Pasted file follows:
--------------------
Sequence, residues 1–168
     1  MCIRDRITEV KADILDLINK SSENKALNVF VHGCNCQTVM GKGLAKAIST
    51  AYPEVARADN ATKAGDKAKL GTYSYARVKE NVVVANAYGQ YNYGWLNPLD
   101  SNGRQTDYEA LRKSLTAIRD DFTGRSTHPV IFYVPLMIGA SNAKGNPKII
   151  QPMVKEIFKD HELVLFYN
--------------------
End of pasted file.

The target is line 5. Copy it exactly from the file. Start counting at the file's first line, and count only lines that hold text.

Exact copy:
   151  QPMVKEIFKD HELVLFYN